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with anything that comes to hand, caulking lapse of time; and the principles which are a shot-hole with the nearest hat, slitting to regulate our colonial policy for the future open the leather where the shoe pinches, must be discussed and laid down in such a putting in a casual patch when the rent in manner as to avoid any risk of a disruption the old garment becomes absolutely inde- of our empire or of dissension among brethcent and unbearable, cobbling up the old ren. The social problems which press upon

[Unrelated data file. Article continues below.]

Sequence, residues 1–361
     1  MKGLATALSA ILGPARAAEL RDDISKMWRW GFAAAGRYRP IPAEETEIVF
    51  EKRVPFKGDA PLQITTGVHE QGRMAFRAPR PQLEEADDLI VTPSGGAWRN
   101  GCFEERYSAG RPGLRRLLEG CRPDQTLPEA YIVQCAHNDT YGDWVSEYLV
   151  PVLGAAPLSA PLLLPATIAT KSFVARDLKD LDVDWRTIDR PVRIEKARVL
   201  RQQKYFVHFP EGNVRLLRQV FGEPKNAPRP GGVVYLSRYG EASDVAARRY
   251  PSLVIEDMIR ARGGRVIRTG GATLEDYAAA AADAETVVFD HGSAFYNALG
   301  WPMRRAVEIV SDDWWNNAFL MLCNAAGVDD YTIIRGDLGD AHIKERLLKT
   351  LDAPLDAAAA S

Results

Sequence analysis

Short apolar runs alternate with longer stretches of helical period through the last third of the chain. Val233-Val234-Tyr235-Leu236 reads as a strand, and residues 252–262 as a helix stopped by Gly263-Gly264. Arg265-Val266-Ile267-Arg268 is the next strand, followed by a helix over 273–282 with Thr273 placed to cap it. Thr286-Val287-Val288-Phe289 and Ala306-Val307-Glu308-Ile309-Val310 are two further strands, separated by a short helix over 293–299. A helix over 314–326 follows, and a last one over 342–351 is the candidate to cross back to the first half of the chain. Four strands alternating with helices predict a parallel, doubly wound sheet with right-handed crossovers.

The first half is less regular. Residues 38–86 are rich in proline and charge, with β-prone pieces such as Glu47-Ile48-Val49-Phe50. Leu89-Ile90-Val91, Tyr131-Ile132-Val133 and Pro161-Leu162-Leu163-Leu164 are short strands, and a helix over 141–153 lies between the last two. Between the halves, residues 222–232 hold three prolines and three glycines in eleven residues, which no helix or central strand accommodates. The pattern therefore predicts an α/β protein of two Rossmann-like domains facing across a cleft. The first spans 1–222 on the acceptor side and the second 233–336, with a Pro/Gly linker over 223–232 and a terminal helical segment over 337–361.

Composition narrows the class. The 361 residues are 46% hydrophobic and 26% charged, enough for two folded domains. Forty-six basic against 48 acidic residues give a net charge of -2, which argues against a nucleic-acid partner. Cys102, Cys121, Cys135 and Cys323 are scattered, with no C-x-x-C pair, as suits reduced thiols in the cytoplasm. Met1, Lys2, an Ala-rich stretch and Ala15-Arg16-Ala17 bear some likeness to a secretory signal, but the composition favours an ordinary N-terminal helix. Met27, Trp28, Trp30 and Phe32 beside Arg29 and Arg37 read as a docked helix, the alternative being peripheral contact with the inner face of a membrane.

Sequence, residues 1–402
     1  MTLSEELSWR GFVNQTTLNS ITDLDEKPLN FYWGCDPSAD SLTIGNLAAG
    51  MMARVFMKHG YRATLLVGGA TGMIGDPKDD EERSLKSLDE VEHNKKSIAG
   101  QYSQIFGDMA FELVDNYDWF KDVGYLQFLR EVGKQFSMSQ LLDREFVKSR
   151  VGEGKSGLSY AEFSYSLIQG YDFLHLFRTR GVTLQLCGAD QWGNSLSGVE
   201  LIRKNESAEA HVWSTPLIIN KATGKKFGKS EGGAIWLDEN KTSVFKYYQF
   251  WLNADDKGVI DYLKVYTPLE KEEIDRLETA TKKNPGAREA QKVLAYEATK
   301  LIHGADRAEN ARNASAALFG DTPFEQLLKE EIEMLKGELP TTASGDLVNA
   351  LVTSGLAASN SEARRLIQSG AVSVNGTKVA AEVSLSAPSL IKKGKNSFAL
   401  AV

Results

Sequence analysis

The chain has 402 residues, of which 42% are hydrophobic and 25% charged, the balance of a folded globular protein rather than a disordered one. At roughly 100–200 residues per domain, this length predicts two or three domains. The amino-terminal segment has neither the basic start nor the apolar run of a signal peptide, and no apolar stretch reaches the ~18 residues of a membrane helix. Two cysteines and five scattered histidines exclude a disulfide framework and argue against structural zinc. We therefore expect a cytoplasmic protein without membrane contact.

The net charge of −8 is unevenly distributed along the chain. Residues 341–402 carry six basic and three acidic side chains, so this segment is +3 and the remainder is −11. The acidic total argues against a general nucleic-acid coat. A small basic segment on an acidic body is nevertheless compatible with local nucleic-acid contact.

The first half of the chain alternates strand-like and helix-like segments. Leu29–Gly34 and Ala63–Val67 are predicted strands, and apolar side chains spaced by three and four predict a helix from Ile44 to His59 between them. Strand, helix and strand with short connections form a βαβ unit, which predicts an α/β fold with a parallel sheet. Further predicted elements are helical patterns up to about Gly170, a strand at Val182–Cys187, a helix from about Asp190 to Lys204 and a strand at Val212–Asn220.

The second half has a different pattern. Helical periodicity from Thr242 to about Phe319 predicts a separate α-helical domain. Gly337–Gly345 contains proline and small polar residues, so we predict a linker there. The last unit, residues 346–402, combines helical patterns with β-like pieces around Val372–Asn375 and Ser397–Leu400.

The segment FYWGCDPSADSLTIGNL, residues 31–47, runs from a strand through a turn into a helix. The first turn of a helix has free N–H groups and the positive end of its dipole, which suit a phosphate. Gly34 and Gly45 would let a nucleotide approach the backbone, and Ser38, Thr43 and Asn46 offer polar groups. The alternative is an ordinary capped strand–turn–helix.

, house as the family enlarges, or the roof us for solution at home become daily knotdecays, or the walls crumble and fall away, tier, more urgent, and more complex; and adding here a buttress and there a shed, and it is essential both to our safety and our sometimes, in a crisis of severe pressure or welfare that they be neither evaded nor unwonted ambition, joining a Grecian colon- postponed. Finally, the duties of actual nade to a Gothic gable. In this strange administration become every year more difstyle we have proceeded almost for centu. ficult and laborious as our wealth and numries, till the incongruities of our dwellings, bers multiply, as our vision of what is our clothing, and our policy, have grown needed becomes keener, and as our standobvious even to our own'unobservant and ard of requirement becomes higher. Now, accustomed eye. We go on swearing for all these calls, but most especially for against the Pretender long after his last the last, we need statesmen not only of a descendant has been laid quietly in a foreign high but of a peculiar order of talent; and grave; guarding with testy jealousy against as these calls increase and enlarge we rethe power of the Crown long after the Crown quire both more numerous and more able has been shorn of its due and legitimate statesmen. Already it is felt that the work in authority; risking the loss of our liberties every public department is augmenting and from foreign aggression rather than support its difficulties thickening in a most perplexing an adequate standing army, because in past degree. We are opening our eyes to the times those liberties were threatened by a extent to which we have been misgoverned, standing army in the hands of a domestic and we are rapidly raising our conception tyrant, exacting oaths in a court of justice of what Government might or ought to be; as a security for truth long after experience day by day defects are being discovered and and reflection have shewn us that those who abuses are being ferretted out and exposed refuse oaths are the most truthful of all wit- in every ministerial office; and the voice of nesses, and long after our inconsistent liber- the country demands that they shall be reality has extorted from us the permission to medied at once and shall be precluded for every man to swear after his own fashion; the future. We need more and exact more